FAIR HEARING- MEANING OF FAIR HEARING
“Fair hearing connotes a trial which is conducted in accordance with all the legal rules formulated to ensure that justice is done/dished out to parties to the cause, see Eze c. FRN (2017) 15 NWLR (Pt. 1589) 433; Ardo v. INEC (2017) 13 NWLR (Pt. 1583) 450; Regt. Trustees, P.C.N. v. Etim (2017) 13 NWLR (Pt. 1581) 1.” PER O. F. OGBUINYA, J.C.A.
FAIR HEARING – CONCEPT OF FAIR HEARING
“The ancient concept of fair hearing derives it root from divinity. It was a common law doctrine which has metamorphosed into the corpus of our jurisprudence and, firmly, entrenched in section 36(1) of the Constitution, as amended. It donates to the citizens the inviolable right to ventilate their grievances on the altar of the twin concrete pillars of natural justice to wit: audi alteram parterm- hear the other side and nemo judex in causa sua – no one should be a judge in his own case. The whole essence of fair hearing, which is coterminous with fair trial, connotes giving parties to any proceedings, be it judicial or administrative, an equal opportunity to present their cases. It follows, that fair hearing is, totally, divorced from correctness of a decision. It centres on the cardinal principle that a fair-minded person who watched the proceedings, before a court or administrative or quasi judicial body, should conclude that it exhibited even handedness/fairness in apportioning justice to the feuding parties, see O.O.M.F. Ltd. v. NACB (2008) 12 NWLR (Pt. 1098) 412; Nwanegbo v. Olawole (2011) 37 WRN 101; Kim v. State (1992) 4 NWLR (Pt. 233) 17; Newswatch Comm. Ltd. v. Atta (2006) 12 NWLR (Pt. 993) 144; FRN v. Akabueze (2010) 17 NWLR (Pt. 1223) 525; S & D Const. Co. Ltd. v. Ayoku (2011) 13 NWLR (Pt. 1265) 487; Ovunwo v. Woko (2011) 17 NWLR (Pt. 1277) 522; Nigeria Navy v. Labinjo (2012) 17 NWLR (Pt. 1328) 56; J.S.C., Cross River State v. Young (2013) 11 NWLR (Pt. 1364)1; Mpama v. FBN Plc (supra); Aba v. Monday (2015)14 NWLR (Pt. 1480) 569; Gov., Zamfara State v. Gyalange (2013) 8 NWLR (Pt. 1357) 462; Achuzia v. Ogbomah (2016) 11 NWLR (Pt. 1522) 59; Danladi v. Dangari (2015)2 NWLR (Pt. 1442)124; Labour Party v. Bello (2017) 2 NWLR (Pt. 1548) 148; Darma v. Ecobank (Nig.) Ltd. (2017) 9 NWLR (Pt. 1571) 480”. PER O. F. OGBUINYA, J.C.A.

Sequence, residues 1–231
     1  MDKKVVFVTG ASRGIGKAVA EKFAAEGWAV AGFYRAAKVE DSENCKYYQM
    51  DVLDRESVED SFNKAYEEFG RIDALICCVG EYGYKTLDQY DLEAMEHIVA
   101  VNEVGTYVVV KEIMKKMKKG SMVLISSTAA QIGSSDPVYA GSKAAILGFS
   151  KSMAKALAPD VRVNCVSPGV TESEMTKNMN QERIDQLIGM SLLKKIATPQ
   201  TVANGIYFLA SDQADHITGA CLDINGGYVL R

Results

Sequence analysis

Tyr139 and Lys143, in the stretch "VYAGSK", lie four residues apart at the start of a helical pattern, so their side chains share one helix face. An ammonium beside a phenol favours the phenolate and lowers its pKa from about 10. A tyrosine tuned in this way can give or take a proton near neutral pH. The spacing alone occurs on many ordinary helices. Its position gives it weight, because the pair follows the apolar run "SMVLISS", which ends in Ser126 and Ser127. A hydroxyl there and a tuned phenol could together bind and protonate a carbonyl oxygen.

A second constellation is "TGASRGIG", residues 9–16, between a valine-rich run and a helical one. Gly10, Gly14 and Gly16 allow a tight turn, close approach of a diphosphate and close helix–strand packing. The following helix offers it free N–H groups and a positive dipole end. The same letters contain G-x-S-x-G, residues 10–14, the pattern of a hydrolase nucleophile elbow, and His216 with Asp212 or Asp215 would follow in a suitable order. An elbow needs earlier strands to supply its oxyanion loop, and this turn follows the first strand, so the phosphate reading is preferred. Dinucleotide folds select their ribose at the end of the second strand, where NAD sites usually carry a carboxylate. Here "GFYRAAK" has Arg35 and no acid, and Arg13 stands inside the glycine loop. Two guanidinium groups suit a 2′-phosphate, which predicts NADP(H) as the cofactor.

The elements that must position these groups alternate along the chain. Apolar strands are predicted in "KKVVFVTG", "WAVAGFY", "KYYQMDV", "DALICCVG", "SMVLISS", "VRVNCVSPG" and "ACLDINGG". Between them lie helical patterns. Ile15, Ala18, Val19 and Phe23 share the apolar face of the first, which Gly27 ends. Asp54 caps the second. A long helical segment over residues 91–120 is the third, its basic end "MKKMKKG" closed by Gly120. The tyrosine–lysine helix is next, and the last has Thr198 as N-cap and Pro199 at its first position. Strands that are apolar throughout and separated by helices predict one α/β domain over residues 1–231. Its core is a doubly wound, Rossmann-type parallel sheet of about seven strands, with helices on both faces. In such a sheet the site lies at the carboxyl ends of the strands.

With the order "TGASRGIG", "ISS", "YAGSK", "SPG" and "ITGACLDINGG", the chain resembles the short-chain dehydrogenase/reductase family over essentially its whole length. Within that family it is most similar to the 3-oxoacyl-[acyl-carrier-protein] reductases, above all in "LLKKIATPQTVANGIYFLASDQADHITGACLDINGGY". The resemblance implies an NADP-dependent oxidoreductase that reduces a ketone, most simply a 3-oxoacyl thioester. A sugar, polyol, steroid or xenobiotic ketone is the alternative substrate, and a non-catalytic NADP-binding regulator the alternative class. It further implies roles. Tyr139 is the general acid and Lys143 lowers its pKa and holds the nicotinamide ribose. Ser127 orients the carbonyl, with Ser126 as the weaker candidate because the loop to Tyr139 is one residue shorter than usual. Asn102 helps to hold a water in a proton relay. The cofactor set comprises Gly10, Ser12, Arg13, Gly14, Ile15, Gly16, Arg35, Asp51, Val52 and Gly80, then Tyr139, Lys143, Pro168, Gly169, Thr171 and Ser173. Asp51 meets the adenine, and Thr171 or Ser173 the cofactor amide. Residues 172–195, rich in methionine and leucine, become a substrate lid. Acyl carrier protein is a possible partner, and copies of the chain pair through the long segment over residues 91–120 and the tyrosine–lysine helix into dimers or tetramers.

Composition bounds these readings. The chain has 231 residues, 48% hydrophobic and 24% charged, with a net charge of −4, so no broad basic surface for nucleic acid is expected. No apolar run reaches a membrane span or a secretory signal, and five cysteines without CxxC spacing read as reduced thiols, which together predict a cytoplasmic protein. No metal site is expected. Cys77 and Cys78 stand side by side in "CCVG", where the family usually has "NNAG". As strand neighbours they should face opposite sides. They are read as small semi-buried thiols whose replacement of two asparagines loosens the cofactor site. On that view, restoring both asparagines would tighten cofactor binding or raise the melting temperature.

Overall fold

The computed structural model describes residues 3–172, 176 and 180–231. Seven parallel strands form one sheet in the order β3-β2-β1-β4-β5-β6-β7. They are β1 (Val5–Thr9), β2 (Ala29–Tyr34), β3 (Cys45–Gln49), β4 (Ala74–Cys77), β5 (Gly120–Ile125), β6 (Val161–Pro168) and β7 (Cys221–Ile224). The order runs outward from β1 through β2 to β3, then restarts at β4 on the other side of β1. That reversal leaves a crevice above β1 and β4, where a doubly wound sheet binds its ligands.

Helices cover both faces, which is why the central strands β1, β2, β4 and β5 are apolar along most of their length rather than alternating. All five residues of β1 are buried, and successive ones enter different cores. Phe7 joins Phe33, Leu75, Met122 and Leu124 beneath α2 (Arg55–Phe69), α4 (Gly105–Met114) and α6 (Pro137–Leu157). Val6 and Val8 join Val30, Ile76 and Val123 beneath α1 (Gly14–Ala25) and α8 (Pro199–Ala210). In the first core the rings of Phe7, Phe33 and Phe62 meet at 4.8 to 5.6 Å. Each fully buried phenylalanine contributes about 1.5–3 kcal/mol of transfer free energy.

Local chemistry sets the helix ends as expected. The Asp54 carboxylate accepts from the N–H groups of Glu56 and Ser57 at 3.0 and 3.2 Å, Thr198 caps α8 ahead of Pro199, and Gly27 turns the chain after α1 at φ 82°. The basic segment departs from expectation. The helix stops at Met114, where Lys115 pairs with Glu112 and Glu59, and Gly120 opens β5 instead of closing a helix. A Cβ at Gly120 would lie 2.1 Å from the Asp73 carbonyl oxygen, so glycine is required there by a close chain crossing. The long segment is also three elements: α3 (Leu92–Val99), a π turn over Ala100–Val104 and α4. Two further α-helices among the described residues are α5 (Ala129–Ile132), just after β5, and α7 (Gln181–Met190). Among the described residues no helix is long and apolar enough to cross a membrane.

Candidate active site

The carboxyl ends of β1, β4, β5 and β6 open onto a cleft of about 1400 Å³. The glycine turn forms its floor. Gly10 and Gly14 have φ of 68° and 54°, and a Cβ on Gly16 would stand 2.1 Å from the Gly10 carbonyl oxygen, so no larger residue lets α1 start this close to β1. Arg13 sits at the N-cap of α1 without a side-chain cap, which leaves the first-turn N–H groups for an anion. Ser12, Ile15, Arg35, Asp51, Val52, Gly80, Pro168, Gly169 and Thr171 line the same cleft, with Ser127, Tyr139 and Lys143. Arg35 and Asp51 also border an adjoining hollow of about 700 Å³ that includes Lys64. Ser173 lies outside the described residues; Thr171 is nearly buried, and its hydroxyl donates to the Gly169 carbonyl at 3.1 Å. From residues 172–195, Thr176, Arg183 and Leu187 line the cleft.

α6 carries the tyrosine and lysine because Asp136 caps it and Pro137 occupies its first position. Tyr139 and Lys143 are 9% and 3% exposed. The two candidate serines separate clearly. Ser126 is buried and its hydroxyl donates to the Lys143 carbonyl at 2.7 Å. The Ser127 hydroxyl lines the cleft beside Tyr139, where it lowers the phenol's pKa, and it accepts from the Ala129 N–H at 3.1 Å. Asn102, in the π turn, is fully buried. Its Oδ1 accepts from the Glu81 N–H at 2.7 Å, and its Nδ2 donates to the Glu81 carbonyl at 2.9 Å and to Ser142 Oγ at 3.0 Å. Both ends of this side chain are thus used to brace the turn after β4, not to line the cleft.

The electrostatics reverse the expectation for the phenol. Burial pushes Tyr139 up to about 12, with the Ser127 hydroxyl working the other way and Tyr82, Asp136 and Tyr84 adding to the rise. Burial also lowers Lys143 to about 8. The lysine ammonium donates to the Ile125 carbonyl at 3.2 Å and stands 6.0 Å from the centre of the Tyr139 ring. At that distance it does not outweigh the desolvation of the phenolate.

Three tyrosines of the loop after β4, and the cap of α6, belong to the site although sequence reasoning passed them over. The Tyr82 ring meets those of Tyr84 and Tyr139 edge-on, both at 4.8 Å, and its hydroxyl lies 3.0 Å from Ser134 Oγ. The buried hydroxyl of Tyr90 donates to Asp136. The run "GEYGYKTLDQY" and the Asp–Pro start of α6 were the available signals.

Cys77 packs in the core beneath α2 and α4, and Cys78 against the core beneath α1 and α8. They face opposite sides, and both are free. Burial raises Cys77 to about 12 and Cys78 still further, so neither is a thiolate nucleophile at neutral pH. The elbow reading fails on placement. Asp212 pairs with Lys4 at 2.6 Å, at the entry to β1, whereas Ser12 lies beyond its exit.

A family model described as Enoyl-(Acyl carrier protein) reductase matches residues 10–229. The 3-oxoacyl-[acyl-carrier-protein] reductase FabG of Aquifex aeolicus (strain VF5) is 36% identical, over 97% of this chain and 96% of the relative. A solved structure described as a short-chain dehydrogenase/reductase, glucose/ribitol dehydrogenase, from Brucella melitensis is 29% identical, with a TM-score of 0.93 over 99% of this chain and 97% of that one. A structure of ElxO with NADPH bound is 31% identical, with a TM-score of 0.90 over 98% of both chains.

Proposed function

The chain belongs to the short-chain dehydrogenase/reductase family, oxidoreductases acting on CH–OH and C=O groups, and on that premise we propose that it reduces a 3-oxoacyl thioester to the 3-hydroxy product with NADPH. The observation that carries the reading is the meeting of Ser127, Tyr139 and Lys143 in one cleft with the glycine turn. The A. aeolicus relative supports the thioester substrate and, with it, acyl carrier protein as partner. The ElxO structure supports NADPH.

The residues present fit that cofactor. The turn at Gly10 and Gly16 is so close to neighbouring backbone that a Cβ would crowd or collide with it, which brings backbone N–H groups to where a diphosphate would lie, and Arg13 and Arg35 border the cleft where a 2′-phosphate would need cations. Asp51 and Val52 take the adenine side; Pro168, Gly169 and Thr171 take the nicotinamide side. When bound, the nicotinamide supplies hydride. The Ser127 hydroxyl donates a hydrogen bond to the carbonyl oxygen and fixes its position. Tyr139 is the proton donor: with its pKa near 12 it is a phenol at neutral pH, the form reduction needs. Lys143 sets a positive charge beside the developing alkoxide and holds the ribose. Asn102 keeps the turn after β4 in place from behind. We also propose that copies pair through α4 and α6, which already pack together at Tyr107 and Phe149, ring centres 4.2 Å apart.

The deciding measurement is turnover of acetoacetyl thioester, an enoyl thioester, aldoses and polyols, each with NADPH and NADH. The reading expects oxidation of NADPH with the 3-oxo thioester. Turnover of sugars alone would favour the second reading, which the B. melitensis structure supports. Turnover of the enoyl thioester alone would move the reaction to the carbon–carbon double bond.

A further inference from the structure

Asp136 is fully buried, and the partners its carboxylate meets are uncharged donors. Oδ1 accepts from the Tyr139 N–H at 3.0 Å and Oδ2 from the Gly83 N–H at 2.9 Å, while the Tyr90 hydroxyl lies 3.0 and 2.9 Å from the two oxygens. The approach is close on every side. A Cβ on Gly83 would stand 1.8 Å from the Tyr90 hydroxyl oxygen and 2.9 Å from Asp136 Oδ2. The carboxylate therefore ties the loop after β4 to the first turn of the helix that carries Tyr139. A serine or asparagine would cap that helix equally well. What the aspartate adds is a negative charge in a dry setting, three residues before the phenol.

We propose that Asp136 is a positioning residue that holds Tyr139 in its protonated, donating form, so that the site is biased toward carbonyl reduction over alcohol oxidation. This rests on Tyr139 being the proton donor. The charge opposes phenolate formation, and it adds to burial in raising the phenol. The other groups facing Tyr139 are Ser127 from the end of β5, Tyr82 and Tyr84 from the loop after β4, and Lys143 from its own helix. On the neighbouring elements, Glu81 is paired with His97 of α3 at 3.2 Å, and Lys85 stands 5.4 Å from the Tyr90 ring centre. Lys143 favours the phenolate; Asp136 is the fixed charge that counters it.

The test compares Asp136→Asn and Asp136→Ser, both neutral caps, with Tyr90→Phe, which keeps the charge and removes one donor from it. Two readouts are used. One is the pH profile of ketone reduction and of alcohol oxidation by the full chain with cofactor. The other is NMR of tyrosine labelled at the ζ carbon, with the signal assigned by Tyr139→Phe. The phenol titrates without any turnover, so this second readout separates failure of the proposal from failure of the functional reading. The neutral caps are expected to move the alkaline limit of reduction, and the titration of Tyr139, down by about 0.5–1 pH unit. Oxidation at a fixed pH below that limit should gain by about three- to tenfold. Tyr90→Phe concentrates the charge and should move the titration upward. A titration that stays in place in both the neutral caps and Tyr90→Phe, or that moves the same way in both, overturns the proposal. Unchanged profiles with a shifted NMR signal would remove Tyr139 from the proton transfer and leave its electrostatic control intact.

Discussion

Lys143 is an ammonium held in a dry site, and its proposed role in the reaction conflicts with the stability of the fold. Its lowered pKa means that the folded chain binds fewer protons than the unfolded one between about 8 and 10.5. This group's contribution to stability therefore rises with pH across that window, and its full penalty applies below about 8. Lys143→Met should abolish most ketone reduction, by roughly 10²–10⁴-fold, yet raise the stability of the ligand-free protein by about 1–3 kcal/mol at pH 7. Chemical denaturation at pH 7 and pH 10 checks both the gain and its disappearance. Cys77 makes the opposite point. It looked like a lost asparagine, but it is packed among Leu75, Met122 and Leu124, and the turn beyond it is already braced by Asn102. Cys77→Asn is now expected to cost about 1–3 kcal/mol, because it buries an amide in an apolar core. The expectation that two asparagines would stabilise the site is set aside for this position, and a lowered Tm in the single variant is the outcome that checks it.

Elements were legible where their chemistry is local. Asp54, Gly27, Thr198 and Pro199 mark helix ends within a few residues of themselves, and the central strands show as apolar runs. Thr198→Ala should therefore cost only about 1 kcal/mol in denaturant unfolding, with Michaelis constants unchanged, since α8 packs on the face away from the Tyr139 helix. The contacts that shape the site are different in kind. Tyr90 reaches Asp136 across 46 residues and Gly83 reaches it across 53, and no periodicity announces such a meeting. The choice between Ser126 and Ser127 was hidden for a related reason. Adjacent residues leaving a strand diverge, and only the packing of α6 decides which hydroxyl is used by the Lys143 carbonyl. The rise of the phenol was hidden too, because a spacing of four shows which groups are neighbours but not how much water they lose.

RIGHT TO FAIR HEARING – WHETHER AN APPELLANT NEEDS TO PROVE THE DAMAGES INCURRED CONSEQUENT UPON A BREACH OF THE RIGHT TO FAIR HEARING
“Even “The laws of God and man both gave the man the opportunity to make his defence if he has any”, see R.V. Chancellor of Cambridge (1723) 1 Str. 557 at 567, per Fortescue, J.;Oyeyemi v. Commissioner for LG., Kwara State (1992) 2 NWLR (Pt. 226) 661;Achuzia v. Ogbomah(2016) 11 NWLR (Pt. 1522) 596. The law donates to the appellant the unbridled licence to present his case before the lower court. The denial curtailed his right, qua counsel, to address the court, see Mpama v. FBN Plc (2013)5 NWLR (Pt. 1346) 176;Achuzia v. Ogbomah(supra). These, inter alia, are quintessential instances of violation of the appellant’s inalienable right to fair hearing as enshrined in section 36(1) of the Constitution, as amended. Put simply, the appellant has discharged the burden to prove denial of fair hearing which the law has saddled on him, see Maikyo v. Itolo(2007)7 NWLR (Pt. 1034) 443; S & D Const. Co. Ltd. v. Ayoku(supra). The appellant needed not to prove the damages or losses he incurred consequent upon the breach of its right to fair hearing, see Oshiomhole v. Airhiavbere (2013)7 NWLR (Pt. 1353) 376. A proof of infraction of fair hearing carries with it a miscarriage of justice. Put differently, a miscarriage of justice is inherent in a breach of a right to fair hearing, see Mpama v. FBN Plc(supra); Eze v. Unijos (2017) 17 NWLR (Pt. 1593) 1”. PER O. F. OGBUINYA, J.C.A.
RIGHT TO FAIR HEARING – IMPLICATION OF FLOUTING A PARTY’S RIGHT TO FAIR HEARING